Sunday, May 31, 2009

Think you might want to take a writing course?

I'm teaching "Essential Beginnings," a course designed to get you started (or re-started, or jump-started) writing for the UCLA Extension School's online writing program. This week, the program is hosting a free online cyber open house. Instructors teaching everything from memoir to screenplay writing, nonfiction to fantasy are all chiming in. We're here to answer your questions - but there's one catch. You have to register to join in. It's all free and you are under no obligation, but you do have to log in.

Come on, dive right in!

Update: Tonight (Wednesday) I'm doing a chat at 6 p.m. PST. It's specifically for beginning writers who may have questions about writing classes, but everyone is invited to join in.


Well, I'm just back from a weekend at the Backspace Writers Conference and I wanted to post something before inertia - and the new week - takes over. First of all, kudos to Karen Dionne and crew for putting together an excellent, small, and focused conference. I arrived midafternoon on Friday, just in time to hear Joseph Finder talk about what he's learned while writing his successful and quite wonderfully written thrillers. Lovely speaker, and a smart man - and when some overly worried newbies were stressing about whether ebooks and Kindle would change the face of publishing, he cut right to the point: Don't worry about the means of distribution at this point, he told them. Just work on your book. (My husband and I broke into wild applause at this point.) He also ended up repeating, several times, the hard truth that many writers need to hear: You need to listen to criticism. If everyone is rejecting your book, maybe you need to keep working on it. His own story of rewriting his first book multiple times was a vivid example of the labor needed to become a success.

That seemed to be the theme of the conference, certainly during my own panel on "keeping the series fresh." Jason Pinter, another thriller master, moderated and while fantasy writer Naomi Novik couldn't make it (food poisoning!), her husband, Hard Case Crime honcho and author Charles Ardai stepped in. I felt like the softie on the block -- being the only writer for whom blood and gore isn't a priority -- but I like to think I held my own in a lively (but really quite fun) discussion of everything from how do you know when a series is done (either when you or your publisher gets bored) to whether or not series characters should grow (I say yes, but Charles pointed out that in some cases, you go to series for their consistency. Hmmm... well, yes, but...) We also touched on how we choose a protagonist who can go for several books (what makes a character interesting? Sympathetic? Well, what makes a person interesting or sympathetic?) Good audience questions, too!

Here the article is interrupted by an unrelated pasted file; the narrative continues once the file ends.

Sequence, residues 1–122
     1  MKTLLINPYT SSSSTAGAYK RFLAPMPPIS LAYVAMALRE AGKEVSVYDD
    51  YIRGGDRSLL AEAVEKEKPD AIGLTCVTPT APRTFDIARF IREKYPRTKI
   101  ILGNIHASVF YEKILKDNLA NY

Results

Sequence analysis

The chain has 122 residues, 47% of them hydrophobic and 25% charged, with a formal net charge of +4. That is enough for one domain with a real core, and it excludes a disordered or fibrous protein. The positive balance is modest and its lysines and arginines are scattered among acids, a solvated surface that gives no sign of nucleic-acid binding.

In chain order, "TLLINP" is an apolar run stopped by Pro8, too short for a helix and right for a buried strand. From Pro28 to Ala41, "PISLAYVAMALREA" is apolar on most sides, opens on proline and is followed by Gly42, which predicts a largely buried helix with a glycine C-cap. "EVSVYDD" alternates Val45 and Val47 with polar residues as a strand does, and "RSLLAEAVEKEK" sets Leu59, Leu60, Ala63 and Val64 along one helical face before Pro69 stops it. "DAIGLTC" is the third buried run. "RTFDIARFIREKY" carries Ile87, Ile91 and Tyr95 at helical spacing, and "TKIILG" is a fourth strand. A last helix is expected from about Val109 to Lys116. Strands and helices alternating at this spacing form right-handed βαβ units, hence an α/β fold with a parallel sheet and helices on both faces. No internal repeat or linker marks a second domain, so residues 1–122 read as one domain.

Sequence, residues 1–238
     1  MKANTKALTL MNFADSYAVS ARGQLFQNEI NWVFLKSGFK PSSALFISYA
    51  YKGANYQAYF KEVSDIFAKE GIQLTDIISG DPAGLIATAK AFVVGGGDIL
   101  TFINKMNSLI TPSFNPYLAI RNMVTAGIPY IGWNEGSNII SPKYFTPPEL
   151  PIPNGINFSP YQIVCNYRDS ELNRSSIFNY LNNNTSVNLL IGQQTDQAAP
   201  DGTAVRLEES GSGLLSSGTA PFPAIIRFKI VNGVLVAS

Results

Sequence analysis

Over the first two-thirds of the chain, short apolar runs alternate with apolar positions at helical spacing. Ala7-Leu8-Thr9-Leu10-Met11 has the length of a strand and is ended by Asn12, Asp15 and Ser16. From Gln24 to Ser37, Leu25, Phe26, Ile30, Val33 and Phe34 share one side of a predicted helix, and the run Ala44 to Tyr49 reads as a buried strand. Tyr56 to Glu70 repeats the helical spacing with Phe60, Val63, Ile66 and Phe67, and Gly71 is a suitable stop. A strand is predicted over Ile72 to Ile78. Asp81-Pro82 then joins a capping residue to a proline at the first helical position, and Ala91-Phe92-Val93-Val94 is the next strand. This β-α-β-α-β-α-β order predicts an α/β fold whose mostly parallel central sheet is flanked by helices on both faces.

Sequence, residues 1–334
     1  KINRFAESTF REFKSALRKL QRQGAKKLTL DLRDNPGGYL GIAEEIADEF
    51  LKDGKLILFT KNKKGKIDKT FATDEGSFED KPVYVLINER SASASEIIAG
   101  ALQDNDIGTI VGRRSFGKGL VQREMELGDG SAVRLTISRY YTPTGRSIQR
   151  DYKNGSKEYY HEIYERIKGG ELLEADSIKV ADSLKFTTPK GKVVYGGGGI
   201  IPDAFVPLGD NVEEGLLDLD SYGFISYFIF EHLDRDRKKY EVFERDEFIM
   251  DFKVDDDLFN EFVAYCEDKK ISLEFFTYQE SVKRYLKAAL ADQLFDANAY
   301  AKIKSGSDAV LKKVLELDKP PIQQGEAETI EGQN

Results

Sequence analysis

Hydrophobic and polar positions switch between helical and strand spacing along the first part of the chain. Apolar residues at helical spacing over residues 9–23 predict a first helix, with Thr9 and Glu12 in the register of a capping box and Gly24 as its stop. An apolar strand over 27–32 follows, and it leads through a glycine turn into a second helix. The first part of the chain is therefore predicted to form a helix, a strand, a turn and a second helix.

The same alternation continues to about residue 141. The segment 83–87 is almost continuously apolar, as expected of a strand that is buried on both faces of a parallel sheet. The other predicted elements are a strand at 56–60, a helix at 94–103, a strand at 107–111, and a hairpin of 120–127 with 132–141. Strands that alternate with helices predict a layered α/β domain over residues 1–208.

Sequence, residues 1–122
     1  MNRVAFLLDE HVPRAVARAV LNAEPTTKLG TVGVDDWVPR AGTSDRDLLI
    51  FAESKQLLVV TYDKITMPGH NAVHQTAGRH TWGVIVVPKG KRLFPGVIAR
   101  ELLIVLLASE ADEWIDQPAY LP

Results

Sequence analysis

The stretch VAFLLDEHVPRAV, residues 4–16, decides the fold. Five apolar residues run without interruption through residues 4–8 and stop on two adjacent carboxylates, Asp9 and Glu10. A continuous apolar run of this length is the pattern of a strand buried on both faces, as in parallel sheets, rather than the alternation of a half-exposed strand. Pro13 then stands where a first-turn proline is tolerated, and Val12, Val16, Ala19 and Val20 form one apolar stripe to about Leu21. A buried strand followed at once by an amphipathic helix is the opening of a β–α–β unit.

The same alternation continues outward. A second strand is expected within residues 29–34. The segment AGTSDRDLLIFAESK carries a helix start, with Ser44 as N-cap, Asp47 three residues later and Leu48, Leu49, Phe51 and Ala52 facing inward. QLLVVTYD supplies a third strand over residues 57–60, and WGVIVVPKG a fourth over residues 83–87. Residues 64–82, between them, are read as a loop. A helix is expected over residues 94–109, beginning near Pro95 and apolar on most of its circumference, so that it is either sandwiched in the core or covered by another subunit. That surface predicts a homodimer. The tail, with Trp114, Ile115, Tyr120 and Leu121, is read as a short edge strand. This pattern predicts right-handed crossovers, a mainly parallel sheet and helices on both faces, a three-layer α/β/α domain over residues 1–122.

Sat., I had the honor of being on a panel with blogger Sarah Weinman moderated by dear friend and fantastic novelist Caroline Leavitt. The topic this time was book reviewing - and we had quite a few authors and would-be authors asking us all sorts of questions about how to get their books mentioned in print. Caroline gave out great, sound advice about pitching - and about the reality of how many books don't get reviewed. (Caroline told us the distressing reality of reviewing for People magazine: Hundreds of books are reviewed and the reviews don't run because they don't fit in the mix - she has even reviewed a John Updike novel and the review has not run! Maybe they had too many four-star reviews that week - or no-star reviews - or books by men, or .. whatever.) And Sarah taught me a few things about social networking and creating a buzz even without reviews. Basically, she said if you're going to do it, do it right - and told us about sites like and Dear Reader. I added a note of simple web etiquette - make sure you know the rules (in most cases, don't just sign on and flag your book. Make sure you participate in the conversations, etc.). Much, much more... but that's the gist. Nice people, nice crowd, lots of time for mingling... and if Jon and I ran off to have a glass of prosecco on the rooftop garden of the Met, I hope everyone will forgive us: it was our anniversary!